November 9, 2022


An ICC tribunal chaired by Foley Hoag partner Christina Hioureas has held the owner of a hotel on Manhattan’s Lower East Side liable for converting the property into a homeless shelter during the pandemic without the consent of its manager.


On 21 October, the New York Supreme Court confirmed the award in favour of US hotel management group Ace Group International against hotel owner 225 Bowery.


The award, issued a month earlier, ordered the hotel owner to pay around US$10 million to cover unpaid management fees, expenses and interest.


Hioureas, New York-based chair of Foley Hoag’s United Nations practice, heard the case alongside Edward Boyle, chair of commercial litigation at Venable, and Fred Stevens of restructuring boutique Klestadt Winters.


Ace signed a hotel management agreement with the owner in 2014. It provided for the owner to build a hotel to be operated and managed by Ace for a 10-year initial term. The hotel was to be operated under the Sister City brand, a micro-hotel brand owned by Ace.


The hotel opened in March 2019 but closed temporarily after the outbreak of covid-19. While it was closed, the owner entered into an agreement with the US Department of Homeless Services and the Hotel Association of New York to repurpose the hotel as a temporary shelter for the homeless.


This agreement expired in June 2021, after which the owners rebranded the hotel as “Untitled at 3 Freeman Alley”, offering rooms through Airbnb and self-managing it through an affiliated entity.


Ace filed for arbitration in January, arguing that it had not consented to the repurposing of the hotel and that the owner had breached the management agreement, including by terminating Ace employees and cutting off access to hotel accounts. Ace also claimed over non-payment of management and other fees.


The owner argued that Ace had been trying to terminate the agreement and was in breach of good faith. It argued that a contractual provision requiring Ace to support the advancement of the business meant the manager was required to consent to the repurposing. The owner also argued that force majeure applied as the decision to repurpose the hotel was caused directly by an epidemic.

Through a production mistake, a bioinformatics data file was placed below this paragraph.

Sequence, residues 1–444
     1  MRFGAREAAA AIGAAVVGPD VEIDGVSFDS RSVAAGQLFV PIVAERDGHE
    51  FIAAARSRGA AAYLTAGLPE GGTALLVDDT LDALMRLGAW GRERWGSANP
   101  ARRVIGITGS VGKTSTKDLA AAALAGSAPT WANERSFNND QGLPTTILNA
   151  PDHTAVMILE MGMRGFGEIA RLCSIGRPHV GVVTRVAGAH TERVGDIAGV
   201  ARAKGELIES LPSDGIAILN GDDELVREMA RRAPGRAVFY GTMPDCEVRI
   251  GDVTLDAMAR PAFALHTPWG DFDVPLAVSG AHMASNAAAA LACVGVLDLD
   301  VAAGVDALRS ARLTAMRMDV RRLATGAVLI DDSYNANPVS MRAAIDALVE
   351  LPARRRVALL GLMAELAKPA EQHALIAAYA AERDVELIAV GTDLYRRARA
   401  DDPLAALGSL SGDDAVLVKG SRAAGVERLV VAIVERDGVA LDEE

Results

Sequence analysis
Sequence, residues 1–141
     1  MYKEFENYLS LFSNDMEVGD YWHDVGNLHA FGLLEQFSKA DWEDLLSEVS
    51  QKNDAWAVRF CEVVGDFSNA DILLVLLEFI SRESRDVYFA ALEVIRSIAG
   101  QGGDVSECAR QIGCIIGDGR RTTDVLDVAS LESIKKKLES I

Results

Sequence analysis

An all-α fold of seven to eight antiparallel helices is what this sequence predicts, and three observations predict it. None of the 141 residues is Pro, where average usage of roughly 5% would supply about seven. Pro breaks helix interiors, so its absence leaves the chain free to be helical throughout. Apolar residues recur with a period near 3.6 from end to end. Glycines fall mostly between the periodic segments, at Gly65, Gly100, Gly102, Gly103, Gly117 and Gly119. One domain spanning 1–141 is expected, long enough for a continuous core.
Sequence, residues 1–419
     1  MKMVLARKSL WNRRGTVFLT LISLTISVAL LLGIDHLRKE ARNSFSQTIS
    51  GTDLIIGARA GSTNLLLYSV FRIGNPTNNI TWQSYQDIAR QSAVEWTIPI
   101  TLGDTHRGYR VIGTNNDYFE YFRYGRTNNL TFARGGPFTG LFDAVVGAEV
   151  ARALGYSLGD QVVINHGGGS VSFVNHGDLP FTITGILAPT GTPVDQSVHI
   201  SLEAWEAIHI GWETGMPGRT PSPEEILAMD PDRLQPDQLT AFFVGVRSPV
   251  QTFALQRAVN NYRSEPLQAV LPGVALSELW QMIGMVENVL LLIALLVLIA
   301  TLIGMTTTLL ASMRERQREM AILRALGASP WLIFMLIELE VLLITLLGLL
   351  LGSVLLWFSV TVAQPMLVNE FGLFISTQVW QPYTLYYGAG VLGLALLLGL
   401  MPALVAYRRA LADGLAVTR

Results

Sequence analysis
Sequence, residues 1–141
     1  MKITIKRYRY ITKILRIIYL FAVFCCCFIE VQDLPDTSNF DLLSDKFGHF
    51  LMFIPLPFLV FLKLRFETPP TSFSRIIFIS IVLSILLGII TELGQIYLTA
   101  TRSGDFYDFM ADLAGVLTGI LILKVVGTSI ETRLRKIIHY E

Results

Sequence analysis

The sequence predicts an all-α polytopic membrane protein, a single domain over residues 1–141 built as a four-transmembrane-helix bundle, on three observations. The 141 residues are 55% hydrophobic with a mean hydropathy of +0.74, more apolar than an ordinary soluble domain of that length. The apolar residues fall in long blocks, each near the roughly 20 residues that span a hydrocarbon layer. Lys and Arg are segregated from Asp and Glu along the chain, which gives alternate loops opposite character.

It also counterclaimed over Ace’s alleged failure to maintain insurance following the repurposing, and accused Ace of breaching its fiduciary duty by attempting to sabotage the repurposing agreement and foment a mortgage foreclosure proceeding against the owner.


In its award, the tribunal found that the owner had breached material provisions of the hotel management agreement when it agreed to repurpose the hotel.


The tribunal found that the owner had repudiated the hotel management agreement because it had prevented Ace from operating or managing the hotel, and had authorised non-parties to the agreement to occupy and use the property. Having repudiated the agreement, it could not claim for breach of insurance provisions.


It also decided that Ace had explicitly withheld consent and had expressed credible concerns about the financial impact of the repurposing, given that the hotel was in a precarious financial position followed its delayed opening.


Ace also brought claims over the use of its “base camp rights” (the rights of the Sister City brand and concept) and intellectual property without permission, and requested injunctive relief. This was granted in part for the Sister City brand and concept, but not for physical objects and furniture that had been designed for the hotel.


All the owner’s counterclaims were dismissed.


Confirming the award in its entirety, Judge Joel Cohen found that the owner had not satisfied the burden of demonstrating the tribunal had acted irrationally. He confirmed that Ace should be awarded pre- and post-judgment interest and costs.